The last two postings on the environment appear to have struck a chord among some of you:
Blog reader Adam and the Ants says the problem isn’t confined to Penang:
The whole country for that matter is being raped. Try coming down to Seremban, it’s even worse. Nobody cares.
Orangutan in Perak is concerned about the waste discharge from a coal power plant:
The coal power plant in Manjung, Perak is flushing million of tons of sulphate, nitrate, chlorine oxide residue, and other toxic waste into the sea for the last five yeras. All this waste can have a damaging effect on the sea and the environment…. Tons of sea water is used and sent back polluted. This plant has another 20 to 25 years to go. Think what can further happen to the sea by then.
Over in Pahang, Phua Kai Lit is appalled:
In my hometown of Kuantan, the hill (Bukit Pelindung) near the beautiful Teluk Cempedak beach is being deforested step by step.
Some of the culprits (appear to be) government agencies that build offices and housing for their staff!
Andrew shares with us his experience of the floods in Penang:
I experienced the (floods) on the way back from Chulia Street to Gelugor after supper.
Just like a scene out of “The day after tomorrow”, the roads were filled with angry rushing water. Poor motorcyclists were being splashed full bodiedly by passing cars.
The surprising thing was it took such a short (duration) of heavy downpour to create such a scenario.
From Anson Road, I tried turning right to Macalister Road. No good. After a U-turn back to Dato Kramat Road, the road was only good until Seh Poh Kiao. A right turn into York Road was also a mistake. Took a risk on the road behind the GH which was flooded, but kept praying the car wouldn’t stop. Only after that was it clear, though cars coming down Scotland Road were making U-turns over the pavement dividers since, presumably, the part outside the Penang Sports Club was also flooded.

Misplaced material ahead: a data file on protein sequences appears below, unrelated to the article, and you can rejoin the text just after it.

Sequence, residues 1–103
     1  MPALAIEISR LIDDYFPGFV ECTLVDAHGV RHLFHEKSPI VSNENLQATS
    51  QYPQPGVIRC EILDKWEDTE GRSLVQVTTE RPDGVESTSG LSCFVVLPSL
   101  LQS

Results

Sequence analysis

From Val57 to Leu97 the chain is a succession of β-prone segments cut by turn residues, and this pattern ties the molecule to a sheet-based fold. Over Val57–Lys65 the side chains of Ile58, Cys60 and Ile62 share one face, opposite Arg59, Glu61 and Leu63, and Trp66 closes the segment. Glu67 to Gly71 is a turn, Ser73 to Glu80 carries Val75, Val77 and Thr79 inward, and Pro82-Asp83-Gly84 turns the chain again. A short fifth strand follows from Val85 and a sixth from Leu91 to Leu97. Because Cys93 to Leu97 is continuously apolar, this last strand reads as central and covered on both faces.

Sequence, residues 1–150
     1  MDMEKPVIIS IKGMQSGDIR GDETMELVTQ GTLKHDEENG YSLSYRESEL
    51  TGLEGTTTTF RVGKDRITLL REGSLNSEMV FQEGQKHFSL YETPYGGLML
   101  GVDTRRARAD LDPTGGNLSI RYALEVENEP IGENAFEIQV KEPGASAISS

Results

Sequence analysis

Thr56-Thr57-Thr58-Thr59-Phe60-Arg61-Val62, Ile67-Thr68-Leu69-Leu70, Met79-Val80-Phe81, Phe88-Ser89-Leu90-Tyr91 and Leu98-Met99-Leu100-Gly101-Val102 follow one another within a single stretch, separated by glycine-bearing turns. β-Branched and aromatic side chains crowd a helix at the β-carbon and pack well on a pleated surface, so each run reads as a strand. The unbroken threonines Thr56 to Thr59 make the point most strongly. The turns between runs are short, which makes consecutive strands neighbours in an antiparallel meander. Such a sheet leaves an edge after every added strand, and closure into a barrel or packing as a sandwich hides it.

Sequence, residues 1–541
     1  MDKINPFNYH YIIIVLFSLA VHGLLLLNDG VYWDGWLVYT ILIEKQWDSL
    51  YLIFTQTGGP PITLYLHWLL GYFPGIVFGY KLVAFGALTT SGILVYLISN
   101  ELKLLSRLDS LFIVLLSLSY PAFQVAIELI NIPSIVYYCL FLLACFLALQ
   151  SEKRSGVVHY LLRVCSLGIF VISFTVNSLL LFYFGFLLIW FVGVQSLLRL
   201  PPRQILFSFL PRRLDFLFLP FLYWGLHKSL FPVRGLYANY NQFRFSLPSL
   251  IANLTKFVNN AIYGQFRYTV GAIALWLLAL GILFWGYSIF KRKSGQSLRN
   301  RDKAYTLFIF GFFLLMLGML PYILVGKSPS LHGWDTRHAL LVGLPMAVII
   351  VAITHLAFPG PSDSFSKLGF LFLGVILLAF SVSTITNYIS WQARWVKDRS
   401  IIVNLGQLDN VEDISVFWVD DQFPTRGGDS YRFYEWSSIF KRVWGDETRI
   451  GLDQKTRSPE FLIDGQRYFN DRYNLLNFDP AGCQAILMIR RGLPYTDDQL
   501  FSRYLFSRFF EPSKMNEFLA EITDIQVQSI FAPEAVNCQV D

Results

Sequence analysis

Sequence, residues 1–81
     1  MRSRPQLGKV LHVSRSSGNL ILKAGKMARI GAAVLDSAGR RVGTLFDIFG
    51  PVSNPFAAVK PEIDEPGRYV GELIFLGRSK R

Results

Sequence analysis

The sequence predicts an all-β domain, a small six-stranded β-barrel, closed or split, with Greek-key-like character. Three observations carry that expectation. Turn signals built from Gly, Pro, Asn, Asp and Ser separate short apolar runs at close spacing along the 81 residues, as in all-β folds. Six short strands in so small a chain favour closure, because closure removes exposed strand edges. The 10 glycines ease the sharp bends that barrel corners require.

It’s beginning to look like flooding, like disease, is no longer discriminatory.
T H Sim pins the blame for the degradation on the government for not enforcing environmental regulations on industry:
The pollution of seawater and river in Penang state is the fault of the government departments which did not plan, manage and enforce to the utmost of their abilities from the beginning of the industial era.
In the Juru light industry estate, how many plating plants which operate in small scale have a waste water treatment plant?
No wonder Sg Juru is at the top in South East Asia’s polluted rivers; the recovery work until today has not yet shown any positive sign.
Sg Prai, a decade ago, was the dirtiest river in Malaysia; millions of ringgit had been put in to recover it; till today, when the tide is high, a lot of rubbish still floats in it.
The quality of the river is not yet suitable as a fish habitat…
In the Prai industrial estate, the smell and colour of the water at the stream will show the public how polluted the area is. It’s been a long time; has action been taken?